Definition of marriage is important

J. Fred ox

It’s time to identify what the gay-marriage issue is all about: The issue isn’t who is or isn’t able to marry, but what marriage really is.
Conjugal-marriage, or marriage between a man and a woman, is an institution of our society built around its most important aspect: child-rearing.
The revisionist view, or that of same-sex unions, redefines marriage as nothing more than an emotional fulfillment between any two people.
The purpose of marriage law in any society is to promote the marriage-based, child-rearing family that produces mature individuals who can contribute socially to society.
The revisionist view undermines this ideal culture and damages the cultural and political goods attained from conjugal-marriage and the children they raise.
Without identifying marriage with the ideal culture of raising children with their biological mother and father, we no longer reinforce the notion that a man and a woman both provide beneficial gifts to our children.
Family stability does not happen by chance, as we can see from prevalent divorce. It requires a marriage culture that uses norms to guide people’s choices to their best interests: norms such as monogamy and exclusivity.
Research clearly shows that family structure matters a great deal to children and that a family headed by two biological parents helps children the most.
By reducing the definition of marriage to only require the existence of “real, human love,” as written by Jennifer Katzer in last week’s Collegio, we don’t just undermine the essential child-rearing aspect of the institution.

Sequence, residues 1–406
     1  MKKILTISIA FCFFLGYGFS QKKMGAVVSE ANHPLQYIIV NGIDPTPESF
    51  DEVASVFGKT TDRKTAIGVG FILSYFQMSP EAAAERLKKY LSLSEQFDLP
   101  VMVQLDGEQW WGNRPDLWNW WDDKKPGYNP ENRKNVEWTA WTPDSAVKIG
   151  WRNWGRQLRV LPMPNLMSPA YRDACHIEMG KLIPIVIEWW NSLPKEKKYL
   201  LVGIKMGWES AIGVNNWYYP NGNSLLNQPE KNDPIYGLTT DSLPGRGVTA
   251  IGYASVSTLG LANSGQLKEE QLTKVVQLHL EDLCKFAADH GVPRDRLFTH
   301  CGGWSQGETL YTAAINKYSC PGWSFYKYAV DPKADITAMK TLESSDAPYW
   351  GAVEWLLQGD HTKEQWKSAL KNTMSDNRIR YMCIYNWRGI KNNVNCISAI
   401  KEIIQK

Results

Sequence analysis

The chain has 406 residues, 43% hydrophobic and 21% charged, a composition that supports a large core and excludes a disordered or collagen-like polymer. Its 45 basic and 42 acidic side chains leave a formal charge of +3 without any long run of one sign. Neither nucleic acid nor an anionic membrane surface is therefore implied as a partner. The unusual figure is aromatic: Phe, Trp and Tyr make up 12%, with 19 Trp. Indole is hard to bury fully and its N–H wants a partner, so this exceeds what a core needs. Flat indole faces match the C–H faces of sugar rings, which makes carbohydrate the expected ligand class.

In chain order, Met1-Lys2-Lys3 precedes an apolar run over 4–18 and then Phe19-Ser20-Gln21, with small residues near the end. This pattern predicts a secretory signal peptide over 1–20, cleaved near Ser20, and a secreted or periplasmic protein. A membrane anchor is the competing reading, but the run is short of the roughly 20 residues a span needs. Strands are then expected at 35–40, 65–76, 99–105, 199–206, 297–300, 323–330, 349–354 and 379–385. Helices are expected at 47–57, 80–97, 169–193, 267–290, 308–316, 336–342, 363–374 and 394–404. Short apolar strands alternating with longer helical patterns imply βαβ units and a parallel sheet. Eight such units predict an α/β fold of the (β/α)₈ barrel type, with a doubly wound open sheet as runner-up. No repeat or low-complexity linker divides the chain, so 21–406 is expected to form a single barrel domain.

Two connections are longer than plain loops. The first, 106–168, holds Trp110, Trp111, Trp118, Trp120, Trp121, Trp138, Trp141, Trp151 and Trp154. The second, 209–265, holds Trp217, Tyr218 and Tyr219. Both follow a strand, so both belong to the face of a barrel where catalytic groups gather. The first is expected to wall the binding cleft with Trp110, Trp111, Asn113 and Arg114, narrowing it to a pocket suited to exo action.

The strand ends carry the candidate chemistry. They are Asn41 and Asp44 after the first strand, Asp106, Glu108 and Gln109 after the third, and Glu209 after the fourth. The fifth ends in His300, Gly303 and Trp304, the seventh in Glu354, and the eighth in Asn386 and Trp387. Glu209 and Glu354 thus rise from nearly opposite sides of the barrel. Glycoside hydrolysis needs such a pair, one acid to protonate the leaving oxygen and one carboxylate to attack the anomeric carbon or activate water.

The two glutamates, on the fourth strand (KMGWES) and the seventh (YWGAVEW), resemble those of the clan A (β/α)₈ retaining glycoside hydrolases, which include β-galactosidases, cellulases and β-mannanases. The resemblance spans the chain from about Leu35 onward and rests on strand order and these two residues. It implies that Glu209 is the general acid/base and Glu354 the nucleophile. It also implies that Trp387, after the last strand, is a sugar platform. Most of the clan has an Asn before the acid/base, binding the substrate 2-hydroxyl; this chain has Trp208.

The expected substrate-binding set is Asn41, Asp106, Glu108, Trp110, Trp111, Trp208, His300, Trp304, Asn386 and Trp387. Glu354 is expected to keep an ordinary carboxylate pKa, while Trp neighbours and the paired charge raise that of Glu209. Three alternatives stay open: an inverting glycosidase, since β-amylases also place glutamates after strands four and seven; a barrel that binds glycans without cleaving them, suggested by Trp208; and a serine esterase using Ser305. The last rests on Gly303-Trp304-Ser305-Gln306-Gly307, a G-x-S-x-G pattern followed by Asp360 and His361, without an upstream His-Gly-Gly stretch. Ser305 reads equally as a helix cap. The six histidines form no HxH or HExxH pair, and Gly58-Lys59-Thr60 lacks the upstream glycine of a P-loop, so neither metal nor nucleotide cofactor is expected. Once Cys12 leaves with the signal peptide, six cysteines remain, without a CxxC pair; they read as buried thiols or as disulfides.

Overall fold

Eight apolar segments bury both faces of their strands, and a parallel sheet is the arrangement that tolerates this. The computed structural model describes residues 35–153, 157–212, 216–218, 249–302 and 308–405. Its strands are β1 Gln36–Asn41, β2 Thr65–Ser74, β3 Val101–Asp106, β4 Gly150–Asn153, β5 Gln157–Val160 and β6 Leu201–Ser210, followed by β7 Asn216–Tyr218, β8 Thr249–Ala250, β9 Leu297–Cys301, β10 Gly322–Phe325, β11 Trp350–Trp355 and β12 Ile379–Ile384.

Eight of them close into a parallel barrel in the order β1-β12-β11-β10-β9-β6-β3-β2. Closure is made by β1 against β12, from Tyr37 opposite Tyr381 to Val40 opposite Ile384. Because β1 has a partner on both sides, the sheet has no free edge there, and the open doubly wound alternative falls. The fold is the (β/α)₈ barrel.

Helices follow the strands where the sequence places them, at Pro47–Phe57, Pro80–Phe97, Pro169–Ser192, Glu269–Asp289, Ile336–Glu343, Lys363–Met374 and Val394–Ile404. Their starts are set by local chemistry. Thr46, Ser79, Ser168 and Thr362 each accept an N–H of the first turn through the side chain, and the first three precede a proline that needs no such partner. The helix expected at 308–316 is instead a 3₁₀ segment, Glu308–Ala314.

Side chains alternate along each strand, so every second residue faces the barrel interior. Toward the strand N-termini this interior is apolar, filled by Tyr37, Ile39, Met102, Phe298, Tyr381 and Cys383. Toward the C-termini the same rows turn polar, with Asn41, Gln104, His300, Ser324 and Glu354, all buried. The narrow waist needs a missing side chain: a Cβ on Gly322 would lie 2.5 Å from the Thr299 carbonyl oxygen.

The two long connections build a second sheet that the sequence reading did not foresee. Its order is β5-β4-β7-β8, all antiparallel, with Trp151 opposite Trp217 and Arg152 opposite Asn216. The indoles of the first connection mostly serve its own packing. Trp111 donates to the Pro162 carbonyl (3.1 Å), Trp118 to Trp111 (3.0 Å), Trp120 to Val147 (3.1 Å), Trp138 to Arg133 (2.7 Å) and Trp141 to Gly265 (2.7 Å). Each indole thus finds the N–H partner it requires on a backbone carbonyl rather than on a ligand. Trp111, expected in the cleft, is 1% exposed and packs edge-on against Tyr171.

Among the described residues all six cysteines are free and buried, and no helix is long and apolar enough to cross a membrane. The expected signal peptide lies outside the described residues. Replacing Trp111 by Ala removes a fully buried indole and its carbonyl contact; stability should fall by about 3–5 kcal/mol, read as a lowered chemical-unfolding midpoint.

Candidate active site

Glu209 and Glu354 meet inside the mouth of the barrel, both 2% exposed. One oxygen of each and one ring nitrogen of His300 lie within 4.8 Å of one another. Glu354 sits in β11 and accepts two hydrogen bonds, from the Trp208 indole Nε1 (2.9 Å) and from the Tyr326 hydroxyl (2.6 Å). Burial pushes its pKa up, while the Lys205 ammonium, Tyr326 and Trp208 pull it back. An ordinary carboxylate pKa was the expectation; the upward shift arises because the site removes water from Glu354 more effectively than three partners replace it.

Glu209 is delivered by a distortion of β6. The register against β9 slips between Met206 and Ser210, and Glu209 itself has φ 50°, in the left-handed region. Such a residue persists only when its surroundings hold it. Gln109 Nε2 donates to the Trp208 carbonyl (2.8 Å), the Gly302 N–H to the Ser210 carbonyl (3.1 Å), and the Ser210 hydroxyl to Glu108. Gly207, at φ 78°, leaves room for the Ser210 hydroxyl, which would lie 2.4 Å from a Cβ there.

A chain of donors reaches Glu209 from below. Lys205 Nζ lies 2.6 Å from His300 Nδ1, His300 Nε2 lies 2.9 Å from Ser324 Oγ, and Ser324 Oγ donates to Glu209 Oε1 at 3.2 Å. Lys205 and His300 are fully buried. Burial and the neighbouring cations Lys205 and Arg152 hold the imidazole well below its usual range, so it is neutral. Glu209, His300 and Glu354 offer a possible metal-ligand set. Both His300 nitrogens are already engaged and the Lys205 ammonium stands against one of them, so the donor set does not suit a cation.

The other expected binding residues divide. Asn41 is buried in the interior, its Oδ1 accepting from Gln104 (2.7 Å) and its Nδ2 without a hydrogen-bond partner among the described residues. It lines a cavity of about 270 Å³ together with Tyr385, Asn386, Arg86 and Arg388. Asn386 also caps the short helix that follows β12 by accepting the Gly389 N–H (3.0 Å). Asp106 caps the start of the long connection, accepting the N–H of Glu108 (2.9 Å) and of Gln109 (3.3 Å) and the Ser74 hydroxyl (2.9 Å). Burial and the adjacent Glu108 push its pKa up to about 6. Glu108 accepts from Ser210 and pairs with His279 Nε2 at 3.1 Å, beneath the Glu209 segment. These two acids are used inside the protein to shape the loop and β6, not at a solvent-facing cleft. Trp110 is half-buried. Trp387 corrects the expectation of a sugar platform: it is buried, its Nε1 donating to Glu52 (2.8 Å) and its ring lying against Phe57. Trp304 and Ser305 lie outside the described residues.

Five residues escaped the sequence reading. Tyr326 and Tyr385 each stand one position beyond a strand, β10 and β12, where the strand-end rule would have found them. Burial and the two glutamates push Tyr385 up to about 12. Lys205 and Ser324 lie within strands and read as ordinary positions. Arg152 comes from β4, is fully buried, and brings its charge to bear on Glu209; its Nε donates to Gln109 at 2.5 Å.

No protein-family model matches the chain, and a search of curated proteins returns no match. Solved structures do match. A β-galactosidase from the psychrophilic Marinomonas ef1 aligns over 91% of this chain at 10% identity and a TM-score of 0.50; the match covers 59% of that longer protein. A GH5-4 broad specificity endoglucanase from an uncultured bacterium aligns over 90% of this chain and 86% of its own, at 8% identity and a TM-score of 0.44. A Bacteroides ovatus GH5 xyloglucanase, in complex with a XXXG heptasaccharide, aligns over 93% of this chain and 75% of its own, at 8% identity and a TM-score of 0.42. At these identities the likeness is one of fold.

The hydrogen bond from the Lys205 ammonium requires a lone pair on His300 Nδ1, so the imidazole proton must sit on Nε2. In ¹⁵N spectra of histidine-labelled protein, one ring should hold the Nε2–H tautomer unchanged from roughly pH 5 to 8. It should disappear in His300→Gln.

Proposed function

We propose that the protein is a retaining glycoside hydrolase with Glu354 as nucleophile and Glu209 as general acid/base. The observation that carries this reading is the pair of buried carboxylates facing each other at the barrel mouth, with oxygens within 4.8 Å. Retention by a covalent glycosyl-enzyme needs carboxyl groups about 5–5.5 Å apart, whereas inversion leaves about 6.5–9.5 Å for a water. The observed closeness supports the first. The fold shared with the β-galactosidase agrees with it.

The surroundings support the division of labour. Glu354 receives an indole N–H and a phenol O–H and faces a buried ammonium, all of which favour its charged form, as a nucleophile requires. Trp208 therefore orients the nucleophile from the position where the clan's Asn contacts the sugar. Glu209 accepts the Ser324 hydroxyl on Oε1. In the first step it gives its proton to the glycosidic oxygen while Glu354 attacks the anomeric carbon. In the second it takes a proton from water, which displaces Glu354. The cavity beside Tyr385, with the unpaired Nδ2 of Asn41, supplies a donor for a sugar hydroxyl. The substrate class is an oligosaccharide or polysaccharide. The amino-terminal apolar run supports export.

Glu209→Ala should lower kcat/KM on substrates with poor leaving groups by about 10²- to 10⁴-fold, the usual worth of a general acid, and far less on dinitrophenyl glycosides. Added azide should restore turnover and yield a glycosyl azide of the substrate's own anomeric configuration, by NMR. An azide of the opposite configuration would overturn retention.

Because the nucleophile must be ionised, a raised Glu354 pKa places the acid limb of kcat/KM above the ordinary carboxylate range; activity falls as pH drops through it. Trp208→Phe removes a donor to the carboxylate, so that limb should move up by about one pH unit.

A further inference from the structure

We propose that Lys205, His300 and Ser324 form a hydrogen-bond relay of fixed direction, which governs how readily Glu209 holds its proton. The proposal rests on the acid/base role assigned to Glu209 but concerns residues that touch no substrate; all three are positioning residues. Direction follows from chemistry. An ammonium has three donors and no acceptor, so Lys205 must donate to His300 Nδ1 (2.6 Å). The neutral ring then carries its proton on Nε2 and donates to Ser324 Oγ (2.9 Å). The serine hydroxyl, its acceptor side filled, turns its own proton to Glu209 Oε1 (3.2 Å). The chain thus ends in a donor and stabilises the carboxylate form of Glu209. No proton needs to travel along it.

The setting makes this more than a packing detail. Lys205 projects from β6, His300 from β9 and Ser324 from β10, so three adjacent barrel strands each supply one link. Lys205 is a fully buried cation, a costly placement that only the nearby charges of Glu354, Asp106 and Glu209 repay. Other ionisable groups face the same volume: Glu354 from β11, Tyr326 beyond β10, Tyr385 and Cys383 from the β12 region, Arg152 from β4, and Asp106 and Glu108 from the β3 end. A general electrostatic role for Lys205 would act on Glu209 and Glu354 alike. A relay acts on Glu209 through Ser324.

We also undermine the other rationales for marriage.
If marriage is just an emotional attachment between people, then there is no longer a rational basis for that attachment to be permanent, exclusive, or even limited to two individuals.
By obscuring the rational basis of norms that stabilize marriage, redefining marriage increases instability, thus harming children and spouses.
Marriage as an institution is differentiated from other relationships that we have with family members, friends, co-workers because it serves a societal purpose. To achieve that purpose, it requires laws and norms that define it as the ideal for child-rearing.
Beyond weakening marriage and destabilizing the family structure, enshrining the revisionist view will burden the rights of us conscious of this distinction between the revisionist view and conjugal marriage.
The revisionist view depends on the idea that it is irrational to see important differences between same- and opposite-sex relationships.
If the state were to recognize this idea, then conjugal marriage supporters would be seen as champions of discrimination. This would undermine moral and religious freedom.
I got to experience an early example of this first-hand. Last Thursday I discovered that an entire stack of Collegio newspapers had each been vandalized with someone’s phone number who was quoted saying she was against gay marriage.
Apparently, the vandal didn’t agree with the student’s belief.
In Massachusetts, Catholic Charities was forced to give up its adoption services rather than violate its principles by placing children in same-sex cohabitants.
I also often come across the infertile-couple argument, especially when I show the relation between marriage and child-rearing.
The answer to this is simple: An infertile couple getting married doesn’t redefine marriage. It does not undermine the public perception of the institution of marriage.
It is also a favorable environment for adoptive children who cannot obtain the biological family structure.

J. Fred Fox is a junior in political science

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